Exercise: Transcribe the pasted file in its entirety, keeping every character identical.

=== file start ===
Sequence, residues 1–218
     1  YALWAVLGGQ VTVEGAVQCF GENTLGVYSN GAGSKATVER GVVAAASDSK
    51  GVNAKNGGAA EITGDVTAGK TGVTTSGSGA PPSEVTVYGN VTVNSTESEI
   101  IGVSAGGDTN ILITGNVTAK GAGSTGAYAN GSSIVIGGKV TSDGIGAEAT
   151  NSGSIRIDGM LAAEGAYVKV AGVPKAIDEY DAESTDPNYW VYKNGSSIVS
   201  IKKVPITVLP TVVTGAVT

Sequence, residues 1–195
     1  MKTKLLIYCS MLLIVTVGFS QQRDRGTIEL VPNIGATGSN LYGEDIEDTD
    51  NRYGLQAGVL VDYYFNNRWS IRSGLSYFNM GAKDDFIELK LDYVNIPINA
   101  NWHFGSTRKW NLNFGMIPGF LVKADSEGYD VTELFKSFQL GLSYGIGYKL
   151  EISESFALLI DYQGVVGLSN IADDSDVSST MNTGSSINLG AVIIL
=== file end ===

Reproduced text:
Sequence, residues 1–218
     1  YALWAVLGGQ VTVEGAVQCF GENTLGVYSN GAGSKATVER GVVAAASDSK
    51  GVNAKNGGAA EITGDVTAGK TGVTTSGSGA PPSEVTVYGN VTVNSTESEI
   101  IGVSAGGDTN ILITGNVTAK GAGSTGAYAN GSSIVIGGKV TSDGIGAEAT
   151  NSGSIRIDGM LAAEGAYVKV AGVPKAIDEY DAESTDPNYW VYKNGSSIVS
   201  IKKVPITVLP TVVTGAVT

Sequence, residues 1–195
     1  MKTKLLIYCS MLLIVTVGFS QQRDRGTIEL VPNIGATGSN LYGEDIEDTD
    51  NRYGLQAGVL VDYYFNNRWS IRSGLSYFNM GAKDDFIELK LDYVNIPINA
   101  NWHFGSTRKW NLNFGMIPGF LVKADSEGYD VTELFKSFQL GLSYGIGYKL
   151  EISESFALLI DYQGVVGLSN IADDSDVSST MNTGSSINLG AVIIL